Origins of IFC

For six decades, we have held true to our founding vision—that the private sector is essential to development.

In this series of stories, you’ll learn more about how IFC grew from a small organization to become the largest global development institution focused on the private sector.


Think back to the world of the early 1950s.

In developing countries, poverty was far more widespread than it is today. One of its key solutions—job creation—faced crushing obstacles.

Financial sectors, infrastructure, and the investment climate were all weak, holding back possibilities for private sector-led growth. Investors’ risk perception was high, keeping cross-border capital flows and domestic financing low. The overall effect was limiting—rather than creating—opportunity.

Yet the potential was great. Something had to be done to bring it about. It needed a catalyst.

This was the vision of Robert Garner, a New York financier who had been a World Bank vice president since 1947. He brought a keen sense of the role private business could play in international development—one few others shared at the time.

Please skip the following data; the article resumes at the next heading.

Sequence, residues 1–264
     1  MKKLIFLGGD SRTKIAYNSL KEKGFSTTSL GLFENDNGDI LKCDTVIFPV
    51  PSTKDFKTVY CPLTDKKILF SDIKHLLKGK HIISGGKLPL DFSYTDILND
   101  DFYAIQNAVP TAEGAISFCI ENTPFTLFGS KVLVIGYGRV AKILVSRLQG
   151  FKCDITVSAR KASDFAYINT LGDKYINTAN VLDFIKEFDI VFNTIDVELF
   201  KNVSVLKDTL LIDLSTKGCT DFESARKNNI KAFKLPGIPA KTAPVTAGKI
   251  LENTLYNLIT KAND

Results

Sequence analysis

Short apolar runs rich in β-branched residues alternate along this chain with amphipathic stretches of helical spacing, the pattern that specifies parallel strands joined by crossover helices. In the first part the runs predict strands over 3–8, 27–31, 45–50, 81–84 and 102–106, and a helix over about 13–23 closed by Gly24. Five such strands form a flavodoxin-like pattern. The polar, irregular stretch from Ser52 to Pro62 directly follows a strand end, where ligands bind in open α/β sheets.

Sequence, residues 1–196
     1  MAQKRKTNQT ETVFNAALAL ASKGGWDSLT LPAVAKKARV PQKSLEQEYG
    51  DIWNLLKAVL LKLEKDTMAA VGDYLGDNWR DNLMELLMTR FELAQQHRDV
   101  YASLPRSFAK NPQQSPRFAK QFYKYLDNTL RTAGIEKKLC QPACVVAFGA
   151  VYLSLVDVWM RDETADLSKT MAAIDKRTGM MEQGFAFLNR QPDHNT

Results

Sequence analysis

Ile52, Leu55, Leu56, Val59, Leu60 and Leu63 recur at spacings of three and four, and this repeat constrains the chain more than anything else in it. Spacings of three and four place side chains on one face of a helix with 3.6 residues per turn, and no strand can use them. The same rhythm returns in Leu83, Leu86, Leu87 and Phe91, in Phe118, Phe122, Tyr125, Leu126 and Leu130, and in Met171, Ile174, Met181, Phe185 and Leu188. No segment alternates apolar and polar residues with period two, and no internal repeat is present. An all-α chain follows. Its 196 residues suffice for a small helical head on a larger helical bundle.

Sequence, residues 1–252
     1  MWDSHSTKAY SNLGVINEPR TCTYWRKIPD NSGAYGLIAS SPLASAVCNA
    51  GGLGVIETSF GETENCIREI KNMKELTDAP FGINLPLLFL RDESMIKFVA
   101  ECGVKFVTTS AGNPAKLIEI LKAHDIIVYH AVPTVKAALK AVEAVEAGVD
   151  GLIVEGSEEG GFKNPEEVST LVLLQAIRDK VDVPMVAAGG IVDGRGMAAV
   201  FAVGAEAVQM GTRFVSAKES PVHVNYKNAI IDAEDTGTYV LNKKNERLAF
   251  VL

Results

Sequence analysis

“It was my firm conviction that the most promising future for the less-developed countries was the establishing of good private industry,” Garner later wrote. It was a big goal—one that he knew would require “a new approach, if we were going to be influential.”

This one, far-reaching thought became the blueprint for a new institution that could finance private enterprise without the World Bank’s requirement for government guarantees. Garner and his colleagues made the case for it persistently for several years, gradually winning over the skeptics. IFC won acceptance from the World Bank’s board of country shareholders in 1955, then opened in 1956 with $100 million in capital, 12 employees, and Garner at the helm.

Garner knew all too well that IFC would never have enough money to make a major difference strictly with its own investments. The goal was always to serve as an honest broker and lead the way in attracting much larger pools of capital from other private investors.

This defining mission remains intact today. It provides the basis for our work in "encouraging the growth of productive private enterprise" in three broad ways:

  • Investing alongside others in private enterprises that contribute to development without government guarantees

  • Advising to help stimulate private capital flows

  • Mobilizing Capital from Others by bringing investment opportunities to investors

The first investment came in 1957, helping German equipment manufacturer Siemens build Brazil’s first integrated assembly plant to supply local utilities. It was the starting point of what today is a $52 billion IFC investment portfolio. We now have more than 2,000 clients—leveraging the power of the private sector in development.


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